Correspondents have weighed in on the Shepley Library, and perhaps the most interesting suggestion comes from Peter Van Erp, who contends that the Shepley Library was not on what are now the grounds of the John Brown House. In fact, the passage from Providence’s Benefit Street that I interpreted as saying so does not necessarily say so.
Attributed by authors Ellysa Tardif and Peggy Chang to historian Margaret Stillwell, the passage reads: “… just beyond the John Brown House stood a ‘little building put up by Colonel George Shepley to house his collection of Rhode Island books, prints, and manuscripts’” Arguably, “just beyond the John Brown House” could mean a distance beyond the Brown House compound. The address 292 Benefit is indeed a block north and on the opposite side of Benefit from the compound.
In fact, 292 Benefit still exists, though it is not listed in the 1985 architectural survey by the Rhode Island Historical Preservation & Heritage Commission. And as Peter points out, the land on which the library would have sat is in fact a parking lot – across the street from my first tiny apartment (1984-90) in Providence, directly north of the Hope Club parking lot (occupied until 1960 by 2 Benevolent St. on the map at the bottom of this post). Below is the Shepley House at 292 in a photograph from a real-estate website. Notice that it has the same ornate entrance portico as the one to the far left of the photo, above, of the Shepley Library and Shepley House.
It is definitely the same house. Below is a detail from my 1895 plat map expanded to the area just north of yesterday’s map. So now we have moved closer to solving our mystery of the Shepley Library. Much remains to be learned, but we now know where it is, or was. Many thanks, Peter, for your excellent architectural detective work!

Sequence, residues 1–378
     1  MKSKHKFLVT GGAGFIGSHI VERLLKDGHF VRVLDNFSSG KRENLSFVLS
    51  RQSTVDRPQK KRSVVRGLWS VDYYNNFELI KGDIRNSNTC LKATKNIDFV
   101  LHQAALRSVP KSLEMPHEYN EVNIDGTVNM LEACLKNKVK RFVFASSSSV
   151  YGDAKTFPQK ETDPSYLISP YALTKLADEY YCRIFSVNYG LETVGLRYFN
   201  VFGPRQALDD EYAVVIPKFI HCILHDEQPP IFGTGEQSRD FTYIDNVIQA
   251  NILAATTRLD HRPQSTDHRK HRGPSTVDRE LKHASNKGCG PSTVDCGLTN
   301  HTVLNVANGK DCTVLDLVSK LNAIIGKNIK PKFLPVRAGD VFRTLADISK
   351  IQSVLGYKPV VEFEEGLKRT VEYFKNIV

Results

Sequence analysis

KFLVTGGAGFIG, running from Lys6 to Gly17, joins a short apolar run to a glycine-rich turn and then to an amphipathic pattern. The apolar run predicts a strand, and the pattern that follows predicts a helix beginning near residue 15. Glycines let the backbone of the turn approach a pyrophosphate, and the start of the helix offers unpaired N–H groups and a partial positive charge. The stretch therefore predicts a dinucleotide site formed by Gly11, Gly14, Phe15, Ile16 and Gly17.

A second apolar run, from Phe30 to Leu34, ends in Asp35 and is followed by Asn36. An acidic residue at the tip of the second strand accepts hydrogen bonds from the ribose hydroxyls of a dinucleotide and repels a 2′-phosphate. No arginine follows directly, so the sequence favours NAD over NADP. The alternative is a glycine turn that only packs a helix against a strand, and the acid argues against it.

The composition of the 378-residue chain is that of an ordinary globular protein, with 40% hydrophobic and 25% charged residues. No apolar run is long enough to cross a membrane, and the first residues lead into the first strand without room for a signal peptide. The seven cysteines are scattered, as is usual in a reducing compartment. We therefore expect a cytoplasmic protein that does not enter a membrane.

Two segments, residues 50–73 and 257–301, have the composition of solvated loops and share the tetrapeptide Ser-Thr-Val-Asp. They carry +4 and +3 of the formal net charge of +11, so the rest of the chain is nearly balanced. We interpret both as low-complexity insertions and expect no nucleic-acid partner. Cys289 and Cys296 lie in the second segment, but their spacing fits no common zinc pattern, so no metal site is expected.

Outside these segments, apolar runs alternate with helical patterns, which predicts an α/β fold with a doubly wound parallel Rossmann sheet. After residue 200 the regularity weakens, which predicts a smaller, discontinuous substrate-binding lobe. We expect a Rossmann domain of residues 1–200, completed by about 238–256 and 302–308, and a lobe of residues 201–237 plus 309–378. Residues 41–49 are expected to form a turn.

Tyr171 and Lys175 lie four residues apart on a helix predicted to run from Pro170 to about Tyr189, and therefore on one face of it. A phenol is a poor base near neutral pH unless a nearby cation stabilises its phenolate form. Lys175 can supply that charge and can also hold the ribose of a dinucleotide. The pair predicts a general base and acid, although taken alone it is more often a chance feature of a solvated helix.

Library of Congress has 1920-21 Sanford Fire Insurance Maps. They clearly show the “private library” next to the Shepley House.
H.P. Lovecraft gave a vivid account of visiting here in a letter of November 1923. It can be found reprinted in full in “Letter to Maurice W. Moe” (pages 133-35).
I’ve heard that Lovecraft wanted to write a book about Providence, and especially about its architecture, and that he was compiling material for it, but I’ve never read any of that material. Maybe the letter to Maurice Moe is part of that material. You refer to pages 133-135, but from what book? I think there may be several books of HPL’s letters. Perhaps the shop at the Arcade has one or more – if that shop even exists anymore. Anyway, thank you for the heads-up!
The book is “Letters to Maurice W. Moe”, published by Hippocampus. My typing left an “s” off the book’s title, which may have confused matters. Amazon often have “slightly imperfect copy” offers on the Lovecraft letters (published in good form by Hippocampus), which have enough vivid material in them to make a chunky six-volume book series on Providence architecture, parks and museums/galleries, without even needing to dip into the fiction. You may not want to get them at a regular store, as they would have to be specially ordered and you’d have to pay full price+. I have a page here that offers a succinct beginner’s guide to getting started re: the great range of Lovecraft books. https://tentaclii.wordpress.com/lovecraft-start-here/ At the same site you’ll also find much to interest re: old Providence and its buildings and views.